THE Yitak Group plans to supply local farmers with around 30,000 tonnes of chemical fertiliser this year, a company official told the Post, signalling even more demand in Cambodia for the product.
Sok Chheng, marketing manager for Yitak, Cambodia’s largest fertiliser distributor, said Sunday it was increasing distribution to meet rising demand.
“We hope that the amount of fertiliser the company distributes to farmers this year will increase by at least 10,000 tonnes,” Sok Chheng said.
The company began in 2002 as the sole distributor of fertiliser for the Vietnamese company Binh Dien, distributing just 2,000 tonnes. In 2009, it sold 20,000 tonnes in 16 provinces, at an average of US$340 per tonne.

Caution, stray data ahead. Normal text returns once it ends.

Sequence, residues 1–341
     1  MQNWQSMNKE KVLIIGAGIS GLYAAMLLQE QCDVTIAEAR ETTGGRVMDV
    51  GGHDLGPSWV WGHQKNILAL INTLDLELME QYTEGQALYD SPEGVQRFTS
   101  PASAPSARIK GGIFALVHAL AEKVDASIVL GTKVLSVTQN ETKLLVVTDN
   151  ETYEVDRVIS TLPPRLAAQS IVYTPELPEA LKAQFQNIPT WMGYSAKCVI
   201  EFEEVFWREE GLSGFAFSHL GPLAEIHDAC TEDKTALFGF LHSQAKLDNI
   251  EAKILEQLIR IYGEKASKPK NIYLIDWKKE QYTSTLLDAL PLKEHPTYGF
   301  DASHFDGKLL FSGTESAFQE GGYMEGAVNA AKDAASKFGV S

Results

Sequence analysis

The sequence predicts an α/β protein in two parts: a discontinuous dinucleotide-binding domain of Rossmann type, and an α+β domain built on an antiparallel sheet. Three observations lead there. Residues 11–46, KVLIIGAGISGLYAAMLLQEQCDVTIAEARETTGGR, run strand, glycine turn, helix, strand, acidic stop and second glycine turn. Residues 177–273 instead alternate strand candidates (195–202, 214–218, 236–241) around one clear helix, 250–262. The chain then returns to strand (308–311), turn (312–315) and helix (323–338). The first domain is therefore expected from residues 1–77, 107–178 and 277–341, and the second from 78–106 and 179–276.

Yang Saing Koma, president of the Cambodian Centre for Study and Development in Agriculture, said Monday that most arable land in Cambodia is becoming less fertile as a result of overfarming. Overworked soil requires more fertiliser, but farmers should use natural versions, such as compost, he said.
“We think that using chemical fertiliser cannot solve the problem for farmers because it cannot ensure long-term soil quality,” he said.
Though chemical fertiliser can greatly improve yields, some people believe it can be harmful to consumers and farmers alike. An estimated 20 companies are now importing chemical fertiliser for sale in Cambodia, which is pushing to increase yields and boost exports.
The Ministry of Agriculture, Forestry and Fisheries said in a report last week that Cambodia imported more than 170,000 tonnes of chemical fertiliser in 2009.
A $65 million chemical fertiliser plant in Kandal Province’s Kien Svay District is expected to begin operation in 2012, after government approval.